If your battery is dead, keeps running down or cranks your engine slowly, you may have a charging problem. Likewise, if the alternator or battery warning light is on, or the amp or voltage gauge is reading low, that too probably indicates a charging problem.
A quick way to check the charging system is to start the car and turn on the headlights. If the headlights are dim, it indicates the lights are running off the battery and that little or no juice is being produced by the alternator. If the lights get brighter as you rev the engine, it means the alternator is producing some current but may not be producing enough at idle to keep the battery properly charged. If the lights have normal brightness and don't change intensity as the engine is revved, your charging system is functioning normally.
You can also check the charging system by connecting the leads of a voltmeter to the battery. When the engine starts, the charging voltage should jump to about 14.5 or higher. If the reading doesn't change or rises less than a volt, you have a charging problem that will require further diagnosis.
Alternators are pretty rugged, but can succumb to excessive heat and overwork. They can also be damaged by sudden voltage overloads (as when someone attempts to jump start a dead battery and crosses up the jumper connections or if someone disconnects a battery cable from the battery while the engine is running).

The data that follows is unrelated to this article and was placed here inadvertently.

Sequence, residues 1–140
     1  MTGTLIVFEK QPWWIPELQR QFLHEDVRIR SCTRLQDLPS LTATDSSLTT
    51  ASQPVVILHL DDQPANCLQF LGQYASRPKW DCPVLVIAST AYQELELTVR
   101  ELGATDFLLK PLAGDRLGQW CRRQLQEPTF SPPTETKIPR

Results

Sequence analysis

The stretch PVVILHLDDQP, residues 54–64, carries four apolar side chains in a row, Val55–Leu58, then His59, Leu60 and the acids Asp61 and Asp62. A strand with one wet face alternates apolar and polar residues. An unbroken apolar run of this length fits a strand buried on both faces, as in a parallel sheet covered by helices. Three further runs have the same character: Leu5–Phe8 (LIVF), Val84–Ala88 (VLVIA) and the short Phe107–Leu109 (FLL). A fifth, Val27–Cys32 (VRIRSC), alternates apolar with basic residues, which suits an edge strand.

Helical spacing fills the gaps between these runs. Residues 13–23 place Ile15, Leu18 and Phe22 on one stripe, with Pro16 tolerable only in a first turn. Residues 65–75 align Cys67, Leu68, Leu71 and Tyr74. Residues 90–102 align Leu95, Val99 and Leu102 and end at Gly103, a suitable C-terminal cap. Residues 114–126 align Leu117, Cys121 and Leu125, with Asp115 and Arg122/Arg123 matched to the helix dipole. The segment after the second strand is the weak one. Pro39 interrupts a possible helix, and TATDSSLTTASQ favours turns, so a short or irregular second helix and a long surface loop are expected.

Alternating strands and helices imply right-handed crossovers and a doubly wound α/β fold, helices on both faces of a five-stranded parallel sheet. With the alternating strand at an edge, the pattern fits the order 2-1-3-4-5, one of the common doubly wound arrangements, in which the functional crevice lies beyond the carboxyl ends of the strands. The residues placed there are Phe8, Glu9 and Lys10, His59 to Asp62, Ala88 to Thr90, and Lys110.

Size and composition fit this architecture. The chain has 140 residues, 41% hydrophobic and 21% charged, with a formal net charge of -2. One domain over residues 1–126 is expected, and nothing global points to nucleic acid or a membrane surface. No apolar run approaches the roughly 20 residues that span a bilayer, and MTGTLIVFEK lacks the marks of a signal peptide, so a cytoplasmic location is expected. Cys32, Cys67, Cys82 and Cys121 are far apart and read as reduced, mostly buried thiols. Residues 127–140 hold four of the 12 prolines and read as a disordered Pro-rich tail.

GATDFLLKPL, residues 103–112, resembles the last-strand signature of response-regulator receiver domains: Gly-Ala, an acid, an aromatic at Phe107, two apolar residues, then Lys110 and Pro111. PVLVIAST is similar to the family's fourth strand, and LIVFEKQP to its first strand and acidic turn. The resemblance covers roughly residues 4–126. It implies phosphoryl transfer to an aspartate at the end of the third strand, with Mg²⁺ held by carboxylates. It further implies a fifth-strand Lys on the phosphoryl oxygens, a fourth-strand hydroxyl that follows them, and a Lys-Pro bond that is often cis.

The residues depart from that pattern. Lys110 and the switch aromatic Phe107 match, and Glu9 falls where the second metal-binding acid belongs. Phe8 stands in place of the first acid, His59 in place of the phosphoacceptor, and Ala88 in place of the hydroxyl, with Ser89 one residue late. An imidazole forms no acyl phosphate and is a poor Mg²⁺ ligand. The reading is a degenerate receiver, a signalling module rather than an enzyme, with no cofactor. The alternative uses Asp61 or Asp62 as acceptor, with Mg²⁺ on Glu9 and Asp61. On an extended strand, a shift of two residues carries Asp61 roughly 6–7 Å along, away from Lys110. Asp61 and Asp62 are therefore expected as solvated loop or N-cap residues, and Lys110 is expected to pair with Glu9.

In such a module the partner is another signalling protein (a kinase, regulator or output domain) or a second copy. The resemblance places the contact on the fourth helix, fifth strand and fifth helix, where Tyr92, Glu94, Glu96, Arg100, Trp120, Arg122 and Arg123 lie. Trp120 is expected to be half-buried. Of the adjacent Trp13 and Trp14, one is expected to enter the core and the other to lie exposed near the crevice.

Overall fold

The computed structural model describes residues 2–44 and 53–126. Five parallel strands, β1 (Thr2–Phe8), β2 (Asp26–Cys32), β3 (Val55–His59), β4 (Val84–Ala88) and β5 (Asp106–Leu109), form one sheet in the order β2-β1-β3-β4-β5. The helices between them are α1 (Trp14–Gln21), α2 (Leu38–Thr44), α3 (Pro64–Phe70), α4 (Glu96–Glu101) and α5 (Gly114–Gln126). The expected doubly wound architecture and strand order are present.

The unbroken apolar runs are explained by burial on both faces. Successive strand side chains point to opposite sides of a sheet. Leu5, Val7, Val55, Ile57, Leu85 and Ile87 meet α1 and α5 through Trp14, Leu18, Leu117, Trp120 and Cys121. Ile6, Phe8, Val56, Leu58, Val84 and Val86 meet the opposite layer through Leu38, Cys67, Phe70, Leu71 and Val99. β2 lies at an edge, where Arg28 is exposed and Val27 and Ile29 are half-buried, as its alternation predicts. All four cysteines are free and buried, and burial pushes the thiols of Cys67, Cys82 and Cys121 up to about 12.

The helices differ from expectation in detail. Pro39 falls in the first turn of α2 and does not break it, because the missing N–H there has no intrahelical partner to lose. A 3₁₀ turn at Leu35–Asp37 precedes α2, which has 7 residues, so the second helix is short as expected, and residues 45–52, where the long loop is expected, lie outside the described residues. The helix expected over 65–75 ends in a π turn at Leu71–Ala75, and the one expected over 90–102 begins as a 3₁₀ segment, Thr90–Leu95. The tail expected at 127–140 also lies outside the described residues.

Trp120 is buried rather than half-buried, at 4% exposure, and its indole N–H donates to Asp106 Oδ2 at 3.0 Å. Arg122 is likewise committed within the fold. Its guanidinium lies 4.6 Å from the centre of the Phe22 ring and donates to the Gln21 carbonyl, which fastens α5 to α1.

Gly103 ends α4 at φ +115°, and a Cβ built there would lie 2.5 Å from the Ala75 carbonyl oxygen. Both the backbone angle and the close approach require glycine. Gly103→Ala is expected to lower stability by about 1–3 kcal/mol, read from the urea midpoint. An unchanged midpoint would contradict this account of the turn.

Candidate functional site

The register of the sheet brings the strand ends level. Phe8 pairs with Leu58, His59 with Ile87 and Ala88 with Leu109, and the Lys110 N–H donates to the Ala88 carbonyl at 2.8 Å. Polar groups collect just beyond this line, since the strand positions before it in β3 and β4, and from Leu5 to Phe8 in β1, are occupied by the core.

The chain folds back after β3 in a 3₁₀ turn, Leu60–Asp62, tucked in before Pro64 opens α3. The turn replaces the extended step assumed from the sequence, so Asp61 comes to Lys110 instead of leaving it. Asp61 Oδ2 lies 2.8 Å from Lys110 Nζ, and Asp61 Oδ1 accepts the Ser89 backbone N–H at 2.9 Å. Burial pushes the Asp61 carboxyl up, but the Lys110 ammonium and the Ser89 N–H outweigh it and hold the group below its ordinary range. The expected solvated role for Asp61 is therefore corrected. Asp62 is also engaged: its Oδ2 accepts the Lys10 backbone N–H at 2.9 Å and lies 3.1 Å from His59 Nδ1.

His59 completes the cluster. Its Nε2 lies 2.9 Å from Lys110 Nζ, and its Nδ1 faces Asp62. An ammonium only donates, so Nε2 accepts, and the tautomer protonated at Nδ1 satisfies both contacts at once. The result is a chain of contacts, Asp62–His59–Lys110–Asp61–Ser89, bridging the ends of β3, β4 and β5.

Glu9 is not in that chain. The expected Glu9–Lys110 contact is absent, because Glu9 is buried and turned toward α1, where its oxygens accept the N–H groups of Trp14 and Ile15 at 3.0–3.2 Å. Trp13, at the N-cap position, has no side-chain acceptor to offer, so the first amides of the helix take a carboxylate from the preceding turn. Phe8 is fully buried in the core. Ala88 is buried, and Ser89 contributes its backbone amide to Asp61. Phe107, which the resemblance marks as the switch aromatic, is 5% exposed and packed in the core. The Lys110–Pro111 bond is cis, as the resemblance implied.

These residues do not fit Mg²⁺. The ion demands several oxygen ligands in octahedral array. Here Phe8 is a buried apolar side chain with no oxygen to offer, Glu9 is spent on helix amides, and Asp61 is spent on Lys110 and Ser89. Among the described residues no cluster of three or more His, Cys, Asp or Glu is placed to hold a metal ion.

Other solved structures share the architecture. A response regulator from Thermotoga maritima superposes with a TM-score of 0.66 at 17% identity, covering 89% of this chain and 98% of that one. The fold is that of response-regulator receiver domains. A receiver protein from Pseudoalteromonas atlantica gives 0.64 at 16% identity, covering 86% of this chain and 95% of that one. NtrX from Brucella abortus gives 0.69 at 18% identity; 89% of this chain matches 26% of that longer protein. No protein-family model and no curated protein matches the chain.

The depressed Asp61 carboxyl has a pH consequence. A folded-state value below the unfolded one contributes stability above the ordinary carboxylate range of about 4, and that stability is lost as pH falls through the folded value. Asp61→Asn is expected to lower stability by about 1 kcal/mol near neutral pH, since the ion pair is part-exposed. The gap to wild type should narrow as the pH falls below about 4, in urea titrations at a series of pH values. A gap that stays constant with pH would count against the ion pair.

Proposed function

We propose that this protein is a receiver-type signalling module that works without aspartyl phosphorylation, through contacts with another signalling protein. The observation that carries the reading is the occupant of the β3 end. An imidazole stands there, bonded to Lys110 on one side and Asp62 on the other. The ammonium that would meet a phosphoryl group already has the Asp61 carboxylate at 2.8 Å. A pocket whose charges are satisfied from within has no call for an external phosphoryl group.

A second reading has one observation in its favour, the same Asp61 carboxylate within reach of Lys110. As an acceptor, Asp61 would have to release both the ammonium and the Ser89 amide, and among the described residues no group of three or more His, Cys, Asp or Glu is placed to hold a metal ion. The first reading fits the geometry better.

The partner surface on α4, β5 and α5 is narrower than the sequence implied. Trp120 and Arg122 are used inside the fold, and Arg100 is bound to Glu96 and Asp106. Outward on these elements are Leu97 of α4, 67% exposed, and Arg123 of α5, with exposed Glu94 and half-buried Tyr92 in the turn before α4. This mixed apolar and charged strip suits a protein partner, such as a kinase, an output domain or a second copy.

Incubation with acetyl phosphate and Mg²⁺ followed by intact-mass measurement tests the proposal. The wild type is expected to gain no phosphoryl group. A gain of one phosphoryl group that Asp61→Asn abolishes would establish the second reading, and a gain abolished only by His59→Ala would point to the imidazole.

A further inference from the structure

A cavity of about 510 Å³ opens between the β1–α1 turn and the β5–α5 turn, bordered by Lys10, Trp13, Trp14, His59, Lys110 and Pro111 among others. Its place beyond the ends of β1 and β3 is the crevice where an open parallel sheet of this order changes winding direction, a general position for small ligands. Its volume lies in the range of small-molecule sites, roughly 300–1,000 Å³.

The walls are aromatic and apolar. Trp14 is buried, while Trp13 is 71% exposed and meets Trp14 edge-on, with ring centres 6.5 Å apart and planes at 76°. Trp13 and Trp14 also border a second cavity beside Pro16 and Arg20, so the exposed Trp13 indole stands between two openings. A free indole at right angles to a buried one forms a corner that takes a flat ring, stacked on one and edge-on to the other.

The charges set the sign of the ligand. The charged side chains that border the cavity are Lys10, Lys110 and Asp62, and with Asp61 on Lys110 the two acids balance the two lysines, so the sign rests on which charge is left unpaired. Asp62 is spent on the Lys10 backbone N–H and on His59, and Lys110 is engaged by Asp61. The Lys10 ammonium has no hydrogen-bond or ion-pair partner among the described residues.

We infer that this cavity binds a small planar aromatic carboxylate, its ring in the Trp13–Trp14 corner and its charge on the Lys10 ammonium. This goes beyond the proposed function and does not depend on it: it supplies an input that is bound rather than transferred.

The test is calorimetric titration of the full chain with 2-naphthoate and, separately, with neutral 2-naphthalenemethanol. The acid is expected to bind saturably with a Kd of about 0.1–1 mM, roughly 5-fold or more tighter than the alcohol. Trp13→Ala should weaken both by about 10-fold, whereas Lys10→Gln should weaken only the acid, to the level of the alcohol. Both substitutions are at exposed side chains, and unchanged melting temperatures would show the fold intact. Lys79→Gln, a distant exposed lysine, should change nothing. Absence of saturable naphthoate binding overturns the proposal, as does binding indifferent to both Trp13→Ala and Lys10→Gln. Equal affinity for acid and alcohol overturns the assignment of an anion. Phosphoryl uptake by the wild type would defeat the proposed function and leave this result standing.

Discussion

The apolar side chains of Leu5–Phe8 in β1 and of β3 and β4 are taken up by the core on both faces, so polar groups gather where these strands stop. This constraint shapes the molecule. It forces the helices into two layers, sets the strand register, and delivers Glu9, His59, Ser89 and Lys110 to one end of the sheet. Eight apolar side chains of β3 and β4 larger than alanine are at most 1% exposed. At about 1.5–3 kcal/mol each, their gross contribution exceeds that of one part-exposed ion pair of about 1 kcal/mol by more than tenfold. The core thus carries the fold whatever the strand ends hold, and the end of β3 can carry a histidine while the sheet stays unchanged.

Sometimes alternators can partially fail. In the back of every alternator is a "diode trio" that converts the alternators AC (alternating current) output to DC (direct current). If one or more of these diodes fail, the alternator's amperage output will be reduced. It may continue to produce some current, but not enough to keep the battery fully charged -- especially at idle or low speed.
Most service facilities have test equipment that can identify these kind of problems. So if you suspect a weak alternator, you should have it tested to see if it needs replacing.
Most service facilities do not repair or rebuild alternators because it's too time consuming and requires special parts. Most will replace your old unit with a new or remanufactured unit. Your old alternator is usually traded in or exchanged for a credit (so it can be remanufactured and sold to someone else).
CAUTION: If you're replacing an alternator yourself, always disconnect the battery before unhooking the wiring on the alternator. This step will eliminate the possibility of accidentally shorting out a hot ware and damaging something or starting a fire.
The alternator drive belt should be inspected at this time, and replaced if it is cracked, oil soaked, glazed, badly worn or otherwise damaged. The belt should be adjusted for proper tension following the vehicle manufacturer's guidelines. Too much tension can overload the alternator's bearings and shorten the unit's life (as well as belt life), while too little tension may allow the belt to slip.